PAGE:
Sample Political Science Research Paper Summary on Illegal Immigration

Illegal Immigration

As populations rise across the world, the key challenge faced by human populations is the increasing need for migrating into other countries to seek socio-economic growth. Immigration was a common aspect in the traditional times. For instance, America could only access sufficient socio- economic growth through the involvement of immigrants from other countries. In the present times however, the excessive population growth has led to pressure on resources. People no longer find ready opportunities as they could in the past. This has made the country to close doors to immigrants (Rubio 50), a factor that has led the country to experience the problem of illegal immigration into the country. Illegal immigration is a problem to a country as it results in hampered functioning of the country in context. In this realm, illegal immigration is described as the act of getting into a country without authorization. Most of the illegal immigrants violate some of the legal entry requirements (Ngai 43).

Various factors have been associated with causing illegal immigration. The greatest cause of the problem is often mentioned as the approximation of the benefits versus the risks associated with living as illegal immigrants. According to research, movement from developing countries to developed nations comes with the promise of better opportunities. In addition to this, immigrants are also attracted with the advancements in technology which make the developed countries to have several opportunities for unskilled labor. The illegal immigrants come in to the countries to fill the undesired opportunities for the unskilled.

Trade liberalization can also increase the chances for illegal immigration in the country. Through trade opportunities built on entering trade liberalizing agreements, the immigrants can be accessed to work in industries such as agriculture where some employees are pushed away from the local countries (Kanstroom 39). Need for family unification is another factor that contributes to the increase in the number of illegal immigrants as people from other countries come in to join their families.

Overpopulation also leads to illegal immigration. This is because the aspect of overpopulation mainly affects the underdeveloped countries. As a result, people move from the underdeveloped countries to the developed countries as they are considered to have the greatest opportunities. As people do so, they do not consider authorization. Apart from this, wars, repression and conflicts can also force people to illegally migrate into other countries. For the war torn areas, the citizens move in a bid to save their lives regardless of the legal implications of their movements. Other people also move to other countries in order to seek higher education. This is done through student visas. This group of people becomes illegal immigrants by failing to return to their countries after completing their studies (Scott 18).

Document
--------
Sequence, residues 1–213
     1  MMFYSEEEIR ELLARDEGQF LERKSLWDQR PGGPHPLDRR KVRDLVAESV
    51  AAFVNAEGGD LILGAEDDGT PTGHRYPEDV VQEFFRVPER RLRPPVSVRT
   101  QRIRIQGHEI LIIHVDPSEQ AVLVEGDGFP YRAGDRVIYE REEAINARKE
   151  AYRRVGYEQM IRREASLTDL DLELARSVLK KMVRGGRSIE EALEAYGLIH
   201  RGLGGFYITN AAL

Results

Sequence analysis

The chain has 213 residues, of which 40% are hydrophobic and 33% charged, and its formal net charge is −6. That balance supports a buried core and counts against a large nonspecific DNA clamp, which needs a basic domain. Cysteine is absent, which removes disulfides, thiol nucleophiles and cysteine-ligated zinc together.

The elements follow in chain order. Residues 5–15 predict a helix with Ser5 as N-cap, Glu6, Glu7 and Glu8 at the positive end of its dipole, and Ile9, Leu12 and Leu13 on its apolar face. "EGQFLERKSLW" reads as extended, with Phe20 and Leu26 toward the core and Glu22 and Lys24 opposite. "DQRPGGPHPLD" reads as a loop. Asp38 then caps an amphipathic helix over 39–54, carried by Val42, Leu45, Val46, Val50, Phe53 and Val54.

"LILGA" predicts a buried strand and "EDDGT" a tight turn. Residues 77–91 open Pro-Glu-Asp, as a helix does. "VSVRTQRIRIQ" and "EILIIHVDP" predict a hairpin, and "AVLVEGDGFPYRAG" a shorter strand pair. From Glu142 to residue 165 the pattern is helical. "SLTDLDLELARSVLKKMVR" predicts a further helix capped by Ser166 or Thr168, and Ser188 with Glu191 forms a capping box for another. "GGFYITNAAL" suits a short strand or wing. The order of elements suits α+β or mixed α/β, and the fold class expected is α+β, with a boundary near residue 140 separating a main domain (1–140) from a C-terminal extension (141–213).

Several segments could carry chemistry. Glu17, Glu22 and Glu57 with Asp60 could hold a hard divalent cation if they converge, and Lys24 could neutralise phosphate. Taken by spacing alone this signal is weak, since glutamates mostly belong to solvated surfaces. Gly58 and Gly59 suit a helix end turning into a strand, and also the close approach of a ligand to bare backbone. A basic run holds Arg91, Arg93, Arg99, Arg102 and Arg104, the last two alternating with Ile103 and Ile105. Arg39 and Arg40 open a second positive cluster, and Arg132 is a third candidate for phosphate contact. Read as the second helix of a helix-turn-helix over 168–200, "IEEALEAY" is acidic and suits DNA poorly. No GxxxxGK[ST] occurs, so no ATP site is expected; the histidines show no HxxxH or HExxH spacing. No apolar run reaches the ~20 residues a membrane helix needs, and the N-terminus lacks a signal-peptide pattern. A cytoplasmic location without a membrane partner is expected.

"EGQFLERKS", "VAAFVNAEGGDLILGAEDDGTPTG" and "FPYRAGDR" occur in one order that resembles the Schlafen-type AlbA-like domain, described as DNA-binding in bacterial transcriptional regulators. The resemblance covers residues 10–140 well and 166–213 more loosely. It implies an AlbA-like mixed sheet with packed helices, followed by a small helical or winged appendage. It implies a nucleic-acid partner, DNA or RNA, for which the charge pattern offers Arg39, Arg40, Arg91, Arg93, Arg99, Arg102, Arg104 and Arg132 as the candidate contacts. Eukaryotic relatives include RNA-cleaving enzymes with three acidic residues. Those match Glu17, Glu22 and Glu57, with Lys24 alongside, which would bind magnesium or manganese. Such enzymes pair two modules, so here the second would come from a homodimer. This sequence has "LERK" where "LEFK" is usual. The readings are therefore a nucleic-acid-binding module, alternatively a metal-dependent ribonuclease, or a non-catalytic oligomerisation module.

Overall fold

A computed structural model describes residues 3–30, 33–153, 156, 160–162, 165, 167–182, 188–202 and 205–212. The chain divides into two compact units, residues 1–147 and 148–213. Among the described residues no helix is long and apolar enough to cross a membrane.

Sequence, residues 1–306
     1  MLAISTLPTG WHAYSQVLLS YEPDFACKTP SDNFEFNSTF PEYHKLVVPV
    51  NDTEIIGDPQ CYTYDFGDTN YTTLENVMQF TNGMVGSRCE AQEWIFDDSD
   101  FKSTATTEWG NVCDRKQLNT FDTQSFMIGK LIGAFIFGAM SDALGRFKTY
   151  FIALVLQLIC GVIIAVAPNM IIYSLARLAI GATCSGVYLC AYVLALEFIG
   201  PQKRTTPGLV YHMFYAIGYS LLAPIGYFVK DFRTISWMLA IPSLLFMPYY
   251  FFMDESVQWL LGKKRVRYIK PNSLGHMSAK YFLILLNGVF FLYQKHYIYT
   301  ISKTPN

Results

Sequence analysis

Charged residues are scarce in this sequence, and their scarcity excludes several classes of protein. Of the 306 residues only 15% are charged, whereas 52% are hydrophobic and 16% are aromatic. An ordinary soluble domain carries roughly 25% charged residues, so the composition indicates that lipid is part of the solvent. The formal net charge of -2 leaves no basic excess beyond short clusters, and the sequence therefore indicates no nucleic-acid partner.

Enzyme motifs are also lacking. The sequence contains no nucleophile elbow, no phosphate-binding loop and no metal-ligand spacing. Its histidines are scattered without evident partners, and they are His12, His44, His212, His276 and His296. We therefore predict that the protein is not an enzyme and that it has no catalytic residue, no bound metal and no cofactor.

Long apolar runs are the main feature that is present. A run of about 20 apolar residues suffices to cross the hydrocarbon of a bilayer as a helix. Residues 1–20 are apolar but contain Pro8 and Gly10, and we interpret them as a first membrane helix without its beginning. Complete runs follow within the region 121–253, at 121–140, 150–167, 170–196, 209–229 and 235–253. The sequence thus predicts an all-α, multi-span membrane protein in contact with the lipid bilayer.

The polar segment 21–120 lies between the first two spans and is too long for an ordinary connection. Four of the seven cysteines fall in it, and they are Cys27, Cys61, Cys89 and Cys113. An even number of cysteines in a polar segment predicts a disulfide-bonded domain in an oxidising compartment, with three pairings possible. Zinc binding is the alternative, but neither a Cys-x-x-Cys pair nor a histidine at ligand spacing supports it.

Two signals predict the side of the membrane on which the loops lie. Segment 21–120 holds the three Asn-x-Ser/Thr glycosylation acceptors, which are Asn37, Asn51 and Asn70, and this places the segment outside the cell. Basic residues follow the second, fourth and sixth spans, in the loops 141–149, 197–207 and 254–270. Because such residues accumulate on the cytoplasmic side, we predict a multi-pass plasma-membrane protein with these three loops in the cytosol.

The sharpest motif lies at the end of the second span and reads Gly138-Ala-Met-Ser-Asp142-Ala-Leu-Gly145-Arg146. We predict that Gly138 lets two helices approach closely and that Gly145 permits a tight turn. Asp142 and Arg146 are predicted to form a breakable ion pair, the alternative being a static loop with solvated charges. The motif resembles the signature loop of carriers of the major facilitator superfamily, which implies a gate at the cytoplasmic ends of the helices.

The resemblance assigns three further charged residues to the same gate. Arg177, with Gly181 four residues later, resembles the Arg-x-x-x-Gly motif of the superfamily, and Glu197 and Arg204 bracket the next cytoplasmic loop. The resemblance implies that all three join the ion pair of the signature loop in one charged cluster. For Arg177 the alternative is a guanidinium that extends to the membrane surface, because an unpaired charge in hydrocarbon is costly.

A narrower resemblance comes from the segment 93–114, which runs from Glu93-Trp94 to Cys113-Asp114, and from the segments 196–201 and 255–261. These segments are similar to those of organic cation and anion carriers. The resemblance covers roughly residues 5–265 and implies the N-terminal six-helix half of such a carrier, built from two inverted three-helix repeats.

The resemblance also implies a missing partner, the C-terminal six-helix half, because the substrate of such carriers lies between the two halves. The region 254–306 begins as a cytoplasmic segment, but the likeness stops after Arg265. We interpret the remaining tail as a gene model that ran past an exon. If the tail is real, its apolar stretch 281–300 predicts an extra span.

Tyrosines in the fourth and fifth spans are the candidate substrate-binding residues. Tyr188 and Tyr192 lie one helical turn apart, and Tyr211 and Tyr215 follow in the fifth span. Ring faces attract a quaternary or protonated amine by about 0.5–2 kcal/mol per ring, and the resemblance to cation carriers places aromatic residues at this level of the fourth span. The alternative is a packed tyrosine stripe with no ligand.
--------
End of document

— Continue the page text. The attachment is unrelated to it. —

Addressing the issue of illegal immigration has been done through various means over the years. Initially, when the rate of Asian immigration to the US was high, illegal immigration legislation was formed to restrict people of Asian descent from migrating into the US. This helped to reduce the rate of illegal immigration greatly. Through the years, the legislations have been changed so that illegal immigration prevention was to be politically founded. This involved denial of entry to individuals of communist backgrounds. Later, congress prohibited denial of entry based on political ideologies or beliefs of individuals (Rubio 52). Although congress has made efforts to reduce illegal immigration, it has failed severally in this through lack of collaboration with the federal government as it thwarts the efforts of the government to reduce illegal immigration.


Works Cited

Kanstroom, Daniel. Deportation nation: Outsiders in American history. New York: Harvard University Press, 2010. Print.

Ngai, Mae. Impossible subjects: Illegal aliens and the making of modern America. Princeton: University Press, 2005. Print.

Rubio, Angelica. Undocumented, not illegal: beyond the rhetoric of immigration coverage. NACLA Report on the Americas, 44.6 (2011): 50-52. Print.

Scott, Peter. Capital flight fuels illegal immigration. National Catholic Reporter, 42.30 (2006): 18. Print.


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